The terms addiction and compulsion tend to be used loosely and often interchangeably. But in an article in the Wall Street Journal, science writer Sharon Begley draws a simple but illuminating distinction between the two psychological disorders: addiction is born of pleasure, while compulsion is anxiety’s child.
Behavioral addictions begin in pleasure. But compulsions, according to a growing body of scientific evidence, are born in anxiety and remain strangers to joy. They are repetitive behaviors that we engage in repeatedly to alleviate the angst brought on by the possibility of harmful consequences.
The drunk seeks to regain the sense of well-being that the last shot of bourbon provided. The compulsive hoarder seeks to alleviate the dread that something valuable has been lost. Compulsion is both “balm and curse,” writes Begley. A compulsive act briefly mitigates feelings of anxiety, but the very experience of relief reinforces the anxiety. The anxiety ends up feeling more real, more pressing — and even more in need of relief. Anxiety and compulsion become a self-reinforcing cycle.
Compulsions can be so severe as to be debilitating. But they also, and much more routinely, take milder forms. They alter our thoughts and behavior, sometimes in deep ways, without making us dysfunctional in society. In fact, by tempering our anxiety, they may serve as a kind of therapy that protects our social functionality. Since ours is, as Auden suggested, an age of anxiety, it’s no surprise that it is also an age of compulsion.
The near-universal compulsion of the present day is, as we all know and as behavioral studies prove, the incessant checking of the smartphone. As Begley notes, with a little poetic hyperbole, we all “feel compelled to check our phones before we get out of bed in the morning and constantly throughout the day, because FOMO — the fear of missing out — fills us with so much anxiety that it feels like fire ants swarming every neuron in our brain.” With its perpetually updating, tightly personalized messaging, networking, searching, and shopping apps, the smartphone creates the anxiety that it salves. It’s a machine almost perfectly designed to turn its owner into a compulsive.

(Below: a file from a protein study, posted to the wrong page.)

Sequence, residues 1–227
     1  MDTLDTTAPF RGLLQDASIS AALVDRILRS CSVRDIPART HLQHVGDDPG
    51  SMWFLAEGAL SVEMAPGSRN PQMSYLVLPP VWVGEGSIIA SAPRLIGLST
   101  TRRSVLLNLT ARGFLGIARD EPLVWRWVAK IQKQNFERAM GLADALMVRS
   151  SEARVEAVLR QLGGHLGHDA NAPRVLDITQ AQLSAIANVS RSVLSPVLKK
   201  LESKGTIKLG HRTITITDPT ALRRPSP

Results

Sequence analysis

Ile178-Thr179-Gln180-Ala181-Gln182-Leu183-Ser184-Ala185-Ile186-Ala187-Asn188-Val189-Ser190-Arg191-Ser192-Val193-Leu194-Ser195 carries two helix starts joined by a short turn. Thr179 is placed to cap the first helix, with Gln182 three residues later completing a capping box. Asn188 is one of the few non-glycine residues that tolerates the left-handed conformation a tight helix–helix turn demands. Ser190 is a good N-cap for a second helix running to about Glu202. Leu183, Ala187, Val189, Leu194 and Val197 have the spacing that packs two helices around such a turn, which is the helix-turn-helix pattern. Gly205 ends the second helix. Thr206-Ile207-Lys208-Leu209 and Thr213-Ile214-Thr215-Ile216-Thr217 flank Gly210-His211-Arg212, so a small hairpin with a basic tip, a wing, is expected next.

Needless to say, a portable, pocket-sized product that spurs and sustains compulsive use can be a very lucrative product for any company able to tap into its hypnotic power. The smartphone is the perfect consumer good for the age of anxiety. It’s hardly an exaggeration to say that, from a commercial standpoint, the smartphone is to compulsion what the cigarette pack was to addiction.
In a recent post, I highlighted the business scholar Shoshana Zuboff’s idea that, with the arrival of the internet, capitalism has begun to take on a new form. Traditional product-based competition (sell an attractive good at a fair price) is being displaced by data-based competition (collect the richest store of information about the identity and behavior of individual consumers). In this new industrial system, which Zuboff calls surveillance capitalism, “profits derive from the unilateral surveillance and modification of human behavior.”
While surveillance capitalism taps the invasive powers of the Internet as the source of capital formation and wealth creation, it is now, as I have suggested, poised to transform commercial practice across the real world too. An analogy is the rapid spread of mass production and administration throughout the industrialized world in the early twentieth century, but with one major caveat. Mass production was interdependent with its populations who were its consumers and employees. In contrast, surveillance capitalism preys on dependent populations who are neither its consumers nor its employees and are largely ignorant of its procedures.
The concept of surveillance capitalism helps explain the dynamics of a growing part of the economy. But it doesn’t explain everything. It focuses on the supply side (what motivates companies) while largely ignoring the demand side (what motivates consumers). I’d suggest that the secret to understanding the demand side may lie in the anxiety-compulsion cycle. What motivates consumers is anxiety — not just the fear of missing out, but also the dread of becoming invisible or losing status, the worry that others might know something that you don’t know, the nervousness that a message might have been misconstrued, and so on — and this anxiety spurs the compulsive behavior that generates ever more personal data for surveillance capitalists to harvest. We divulge our secrets because we can’t help ourselves.
This powerful, compulsion-fueled business model may have emerged by accident — I’m pretty sure that Larry Page and Sergey Brin didn’t found Google with the intent of spreading social anxiety and then capitalizing on it through surveillance systems — but it is now sustained by design. Facebook doesn’t hire cognitive psychologists and maintain a behavioral research lab for nothing. Rewards now flow to the competitor that is best able to maximize consumer anxiety in a way that spurs more compulsive behavior that in turn generates more valuable consumer data that can, to complete the cycle, be deployed to further manipulate consumer psychology.
That’s a dark way of putting it, to be sure — it ignores the real benefits that consumers gain from many online services — but it does seem to explain the governing logic of what we once happily termed “the new economy.”
Photo: University of Alaska Anchorage.